-> Going both ways in R <-

May 19, 2010

Andy, in response to my griping on #Rstats, asks “What’s wrong with an arrow going both ways!?!?!” In R one can perfom assignment three ways:

a = 2
a <- 2
2 -> a

I’m pretty sure all these things are equivalent. The only subtlety I’ve noticed so far is that to set default options in function definitions you have to use `=`.

This redundancy drives me absolutely nuts as an R beginner. From a human point of view code has two main jobs: to be written and to be read. Now for the first job, having three different ways to assign a value to a variable might be nice? I’m not sure how, but I guess it would be nice sometimes to write a function, then remember that you hadn’t assigned it a variable and do it at the end instead.

For the second job  though, reading R is awful. Now I’ve heard horror stories about perl, so maybe it’s just that I’m used to readable code and that, in the big scheme of things, R is nice and readable. But yesterday, ploughing through someone’s metaprogramming, tearing at my hair as to the obtuseness of everything, I was foiled for about an hour having not realised that the fsking arrow could go both ways.

I think it highlights a big flaw in R. Sometimes it’s like no “destructive” design decisions have been taken since the original work of Ihaka and Gentleman. I spend so much time messing about trying to convert a data.frame of factors into a list of “vectors” of strings or something. It seems that no-one has ever said “OK, we need a way to assign a value to a variable: let’s pick one”. Instead three have emerged. There are two different types of classes (which only seems to have any real effect on the help files). There are loads of data types that are in regular use, with somewhat bastardised names (i.e. a ‘vector’, ‘matrix’, ‘list’, ‘array’ are all different things – a vector doesn’t seem to be a subclass of matrix, for example).

Now, I’m sure that the pluralities in R could maybe be held up to be a good thing. They probably encode subtleties that I don’t understand, and that my bitching is just me exposing my naivety about the language. And I know that R is descended from LISP and S and that its user base either grew up with R or with one of these other languages. Therefore things that are natural to this background will seem alien to someone like me with a MATLAB and Python background. And there’s backwards compatibility to consider and so on.

So don’t get me wrong – I think R is an amazing piece of work, and the communities around R are incredibly devoted and responsive. It’s kind of like the “first” three episodes of Star Wars: there’s an amazing film in there somewhere, it just needs some editorial decisions to be made. Maybe a new “Hadley” language will be born whereby R is completely re-API’d into a single language that only uses data.frames…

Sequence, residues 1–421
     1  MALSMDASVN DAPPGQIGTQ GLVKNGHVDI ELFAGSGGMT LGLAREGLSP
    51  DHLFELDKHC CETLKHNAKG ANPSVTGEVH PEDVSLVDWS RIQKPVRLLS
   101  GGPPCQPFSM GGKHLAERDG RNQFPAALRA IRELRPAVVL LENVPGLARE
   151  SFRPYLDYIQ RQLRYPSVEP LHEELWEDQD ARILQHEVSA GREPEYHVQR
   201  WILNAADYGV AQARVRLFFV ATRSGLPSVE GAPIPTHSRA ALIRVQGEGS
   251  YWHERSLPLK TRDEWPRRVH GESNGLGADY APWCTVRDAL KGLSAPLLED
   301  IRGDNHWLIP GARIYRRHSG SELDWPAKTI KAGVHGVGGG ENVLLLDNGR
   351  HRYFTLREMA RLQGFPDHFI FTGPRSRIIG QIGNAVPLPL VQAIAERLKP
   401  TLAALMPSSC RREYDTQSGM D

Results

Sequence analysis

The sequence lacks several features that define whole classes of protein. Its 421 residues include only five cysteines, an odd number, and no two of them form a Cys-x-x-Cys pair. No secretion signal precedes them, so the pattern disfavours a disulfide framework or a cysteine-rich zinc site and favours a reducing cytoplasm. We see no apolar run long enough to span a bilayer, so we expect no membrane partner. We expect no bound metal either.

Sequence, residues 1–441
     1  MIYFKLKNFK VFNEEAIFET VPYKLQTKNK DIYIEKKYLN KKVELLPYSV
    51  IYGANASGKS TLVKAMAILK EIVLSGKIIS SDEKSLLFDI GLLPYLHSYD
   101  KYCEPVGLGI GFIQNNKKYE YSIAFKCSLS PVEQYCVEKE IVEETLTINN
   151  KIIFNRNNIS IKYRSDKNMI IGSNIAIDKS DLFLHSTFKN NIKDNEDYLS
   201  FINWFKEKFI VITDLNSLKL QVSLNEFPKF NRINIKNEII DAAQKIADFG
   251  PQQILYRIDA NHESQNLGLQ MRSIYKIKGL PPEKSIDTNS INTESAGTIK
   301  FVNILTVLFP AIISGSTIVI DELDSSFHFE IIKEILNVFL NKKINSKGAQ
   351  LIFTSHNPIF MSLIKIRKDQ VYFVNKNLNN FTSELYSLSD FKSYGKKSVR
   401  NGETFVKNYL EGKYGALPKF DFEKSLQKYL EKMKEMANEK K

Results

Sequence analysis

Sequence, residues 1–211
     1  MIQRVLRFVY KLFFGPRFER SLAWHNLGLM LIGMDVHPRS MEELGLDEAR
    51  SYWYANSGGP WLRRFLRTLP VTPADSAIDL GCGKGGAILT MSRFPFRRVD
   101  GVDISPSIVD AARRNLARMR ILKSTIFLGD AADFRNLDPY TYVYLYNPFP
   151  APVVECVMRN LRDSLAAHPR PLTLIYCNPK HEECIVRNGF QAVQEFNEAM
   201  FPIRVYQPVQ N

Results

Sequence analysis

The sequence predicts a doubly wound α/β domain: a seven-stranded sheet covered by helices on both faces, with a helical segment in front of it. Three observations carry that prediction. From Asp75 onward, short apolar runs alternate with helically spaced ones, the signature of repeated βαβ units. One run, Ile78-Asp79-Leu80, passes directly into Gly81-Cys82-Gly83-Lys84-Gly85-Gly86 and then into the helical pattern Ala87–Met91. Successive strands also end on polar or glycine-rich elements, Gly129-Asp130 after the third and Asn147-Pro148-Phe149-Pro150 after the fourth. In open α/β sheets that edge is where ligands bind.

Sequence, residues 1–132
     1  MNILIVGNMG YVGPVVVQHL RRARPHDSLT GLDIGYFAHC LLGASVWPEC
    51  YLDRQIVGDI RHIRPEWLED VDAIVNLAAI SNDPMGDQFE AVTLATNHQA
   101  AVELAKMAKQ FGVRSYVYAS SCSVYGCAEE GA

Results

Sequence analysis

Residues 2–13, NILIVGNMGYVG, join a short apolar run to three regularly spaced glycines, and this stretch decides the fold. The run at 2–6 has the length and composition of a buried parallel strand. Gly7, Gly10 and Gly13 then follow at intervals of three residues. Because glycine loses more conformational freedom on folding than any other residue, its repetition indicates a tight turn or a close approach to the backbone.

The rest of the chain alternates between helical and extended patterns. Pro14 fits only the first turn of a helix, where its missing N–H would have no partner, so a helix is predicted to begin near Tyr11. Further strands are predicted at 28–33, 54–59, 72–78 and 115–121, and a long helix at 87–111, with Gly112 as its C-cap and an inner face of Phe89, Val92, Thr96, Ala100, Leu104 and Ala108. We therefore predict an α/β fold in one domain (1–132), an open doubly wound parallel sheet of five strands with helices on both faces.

4 Responses to “-> Going both ways in R <-”

  1. Byron Says:

    “Character variables passed to data.frame are converted to factor columns unless protected by I” — the data.frame documentation.

    Matrices are vectors with a dimension attribute:

    x = c(1,2,3,4)
    y = matrix(x,2,2)
    attributes(y)$dim = NULL

    Lists are vectors of vectors:

    x = list(c(1,2,3,4),c(5,6,7,8))
    y = matrix(x,2)

  2. mikedewar Says:

    Thanks for the clarification of vectors, matrices and lists. Most helpful.

    However, I hadn’t realised that so many things were vectors:


    returns TRUE! Yet it’s a vector with one element, and that element is “bob”. Sigh. Also:


    returns TRUE. My concept of “vector” is being really messed around with.

    The stuff about converting characters to factors in data.frames is very useful to know – and not exactly intuitive! When I’ve got 16K unique gene symbols in a data frame, having them as factors is BAD. This will save me pain. Thanks Byron!

  3. Ken Williams Says:

    I think this is one of the wounds that Python has inflicted on the world: they make people think that a rigid, Guido’s-way-or-the-highway philosophy in the language automatically makes something more readable. It does tend to let people more quickly understand a very shallow, surface-understanding of code, but you pay a price in expressive power. And that means you often can’t write things the way you really Want To write them, i.e. the way that matches your task most closely and expresses your intent most clearly. To a Perl programmer, there’s a semantic difference between “if (…) die …” and “die … if …” even if the compiler treats them the same.

    Plus, I think it’s more fun to work with a language when I think the authors of the language are having fun too.

    Regarding vectors of length 1: this really makes everything way easier and is a major reason R gets its power. Since pretty much everything in the language operates on vectors anyway, the only thing a special data type for scalars could really do is Break Stuff and create more special cases.

  4. Byron Says:

    Yes, R doesn’t actually have a scalar type, they’re just vectors of length 1. Most of the time you don’t notice due to R’s element recycling.

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